KENNY THOMSON, the Dons’ centre-half, may sign for Stoke City to-day. I understand the clubs have come to terms, and the final decision now rests with the player.
Thomson and his wife left for Stoke this morning to view a house. The fee has not been divulged, but it will undoubtedly be a record for the Aberdeen club —in the region of £20,000.
I believe so keen were Stoke to secure Thomson’s services that they were prepared to fly him south to-day so that the deal could be completed in time for the player turn out against Burnley in the League match this evening.
If Thomson becomes a Stoke player two other English clubs, Sunderland and Wolves, will be disappointed. Both made a bid for him at the beginning of the season.
Mr Billy Murray, the Sunderland manager, as well as two representatives of Wolves, had a talk with the Aberdeen officials.
Thomson, who is in the near-international class, played for Scotland against a British Army XI. at Newcastle last season. Already this season he has been tipped as a likely Scottish "cap."
Stoke first evinced an interest in Thomson last Wednesday, when two of their directors turned up at the Hearts-Aberdeen League Cup-tie at Tynecastle.
Mr Frank Taylor, the manager of the English club, and one of his directors, watched Thomson in action against Rangers at Pittodrie on Saturday and negotiations were started after the game.
If Thomson, who is due a benefit from Aberdeen this season, approves the conditions at Stoke the deal will probably be completed today.
Twenty-two years of age, 6ft. 1in. in height and weighing 12st. 61b.. Thomson joined the Pittodrie placing staff from Banks o' Dee, the Aberdeen junior club, in 1947. While in the Services he played in numerous representative games for the RAF.
When he left his junior club to join the Dons, Thomson cost the Aberdeen club about £lOO.
Aberdeen F.C. have changed their team for every League Cup tie. The services of twenty players have been utilised in the six games. The displays against Hearts and Rangers suggest that the club is now on the track of the right blend.
These two games have thrown up a couple of promising youngsters in Jack Dunbar and Jimmy Wallace. Naturally they can't be expected to know all the answers yet, with only two games apiece in "A" Division football, but their form clearly points to the fact that they are well worth an extended trial.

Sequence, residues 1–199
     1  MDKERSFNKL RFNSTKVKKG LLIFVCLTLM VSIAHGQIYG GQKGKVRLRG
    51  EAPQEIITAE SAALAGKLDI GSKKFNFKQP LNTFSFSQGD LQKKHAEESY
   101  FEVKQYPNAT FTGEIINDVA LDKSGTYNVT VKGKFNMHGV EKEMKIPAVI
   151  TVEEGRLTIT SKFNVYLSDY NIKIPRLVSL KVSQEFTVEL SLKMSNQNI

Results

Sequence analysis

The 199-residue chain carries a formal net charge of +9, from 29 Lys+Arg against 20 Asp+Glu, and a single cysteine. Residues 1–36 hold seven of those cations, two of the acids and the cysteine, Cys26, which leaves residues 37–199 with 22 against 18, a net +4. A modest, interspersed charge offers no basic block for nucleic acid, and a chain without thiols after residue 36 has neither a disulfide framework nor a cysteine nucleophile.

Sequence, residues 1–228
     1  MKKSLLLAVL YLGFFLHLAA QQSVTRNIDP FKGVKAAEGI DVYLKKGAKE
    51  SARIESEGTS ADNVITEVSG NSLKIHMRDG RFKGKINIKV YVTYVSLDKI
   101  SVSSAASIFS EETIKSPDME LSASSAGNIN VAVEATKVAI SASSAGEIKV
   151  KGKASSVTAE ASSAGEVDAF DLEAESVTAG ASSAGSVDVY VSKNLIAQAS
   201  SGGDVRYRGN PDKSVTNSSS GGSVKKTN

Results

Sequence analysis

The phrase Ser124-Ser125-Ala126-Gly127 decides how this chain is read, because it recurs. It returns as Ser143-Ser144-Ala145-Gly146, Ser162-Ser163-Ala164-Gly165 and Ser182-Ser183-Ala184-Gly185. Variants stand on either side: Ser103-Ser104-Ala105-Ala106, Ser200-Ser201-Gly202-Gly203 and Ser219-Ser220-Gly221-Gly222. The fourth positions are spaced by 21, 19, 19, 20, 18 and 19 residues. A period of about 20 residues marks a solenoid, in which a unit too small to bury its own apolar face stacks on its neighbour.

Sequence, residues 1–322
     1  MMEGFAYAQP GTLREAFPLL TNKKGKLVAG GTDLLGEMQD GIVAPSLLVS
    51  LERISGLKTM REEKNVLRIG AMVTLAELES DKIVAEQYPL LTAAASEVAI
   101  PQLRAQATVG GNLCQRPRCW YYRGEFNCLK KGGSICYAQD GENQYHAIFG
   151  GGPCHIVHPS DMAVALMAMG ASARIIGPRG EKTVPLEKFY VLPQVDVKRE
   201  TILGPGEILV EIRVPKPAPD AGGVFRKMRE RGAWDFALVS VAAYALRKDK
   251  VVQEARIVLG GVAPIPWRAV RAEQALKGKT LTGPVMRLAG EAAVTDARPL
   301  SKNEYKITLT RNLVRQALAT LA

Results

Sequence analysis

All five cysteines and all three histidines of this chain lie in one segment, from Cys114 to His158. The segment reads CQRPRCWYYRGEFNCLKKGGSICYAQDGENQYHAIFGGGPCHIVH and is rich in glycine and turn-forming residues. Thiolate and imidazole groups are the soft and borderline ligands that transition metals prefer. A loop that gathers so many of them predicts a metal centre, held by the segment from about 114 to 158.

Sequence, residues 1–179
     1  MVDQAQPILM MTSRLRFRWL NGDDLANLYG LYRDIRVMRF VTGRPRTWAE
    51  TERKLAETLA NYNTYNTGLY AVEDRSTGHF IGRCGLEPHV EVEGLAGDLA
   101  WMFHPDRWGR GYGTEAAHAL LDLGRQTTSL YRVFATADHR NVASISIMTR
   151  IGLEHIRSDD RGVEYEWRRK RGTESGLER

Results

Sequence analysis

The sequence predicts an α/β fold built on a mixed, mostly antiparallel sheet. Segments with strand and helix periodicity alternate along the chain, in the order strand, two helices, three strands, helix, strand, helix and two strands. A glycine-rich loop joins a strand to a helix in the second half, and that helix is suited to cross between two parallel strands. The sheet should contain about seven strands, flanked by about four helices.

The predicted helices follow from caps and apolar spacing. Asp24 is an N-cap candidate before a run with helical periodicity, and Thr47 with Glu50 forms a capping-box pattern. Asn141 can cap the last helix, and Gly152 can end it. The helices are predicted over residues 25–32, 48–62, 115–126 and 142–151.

A likeable type is Dunbar. The former Kilbirnie Ladeside leader is still a bit coltish, but he has some neat touches and is strong and enthusiastic. His height gives him an advantage with the ball in the air, and on Saturday he gave internationalist Woodburn one of the most harassing afternoons he must have had for some time. Aberdeen seem to have made a find in six-foot Dunbar.
No less promising than Dunbar was Jimmy Wallace, who learned his football with Banks o’ Dee. The young left half tackled with determination and supported the forwards in great style in the first half. On this form Harris will have difficulty in regaining his place in the League side.
Smith hadn't as happy an experience against Waddell but the former Sunnybank player any amount of pluck. I doubt if there is any back in Scotland who will get much change out of Waddell when the Rangers' favourite is in the mood.
Both against Hearts and Rangers there was a definite improvement in the play of the Dons. They looked and played more like a team. In the first half the half-backs held a good grip, and Anderson and Wallace provided a useful service to the forwards.
The Dons were the better team in this period, and deserved their interval lead. There was a disappointing flavour, however, about the last of the two goals in the second half.
The Aberdeen players and many of the 36,000 spectators thought Paton was offside when he crossed the ball from which Thornton scored the winner. The Dons’ defenders seemed to hesitate when Thornton sidefooted the ball over the line.
Again there seemed be hesitancy on the part of the defence when Waddell gathered the ball from which he scored the first goal. Evidently the Aberdeen players had made up their minds the winger couldn't reach the ball before it crossed the by-line.
The Aberdeen team as a whole played with more confidence and cohesion on Saturday than they have done before this season, and they can go forward to the League campaign in more hopeful mood.
Buckley should have recovered from his ankle injury this week and Hamilton will soon be available. With this pair at their disposal Aberdeen should be able to field a clever and lively attack.
Source: Evening Express, 1st September 1952
Aberdeen Teamsheet Martin
Niven, Young, Little, McColl, Woodburn, Cox, Waddell, Paton, Thornton, Prentice, Liddell
Venue: Pittodrie Stadium, Aberdeen
Referee: G. Mitchell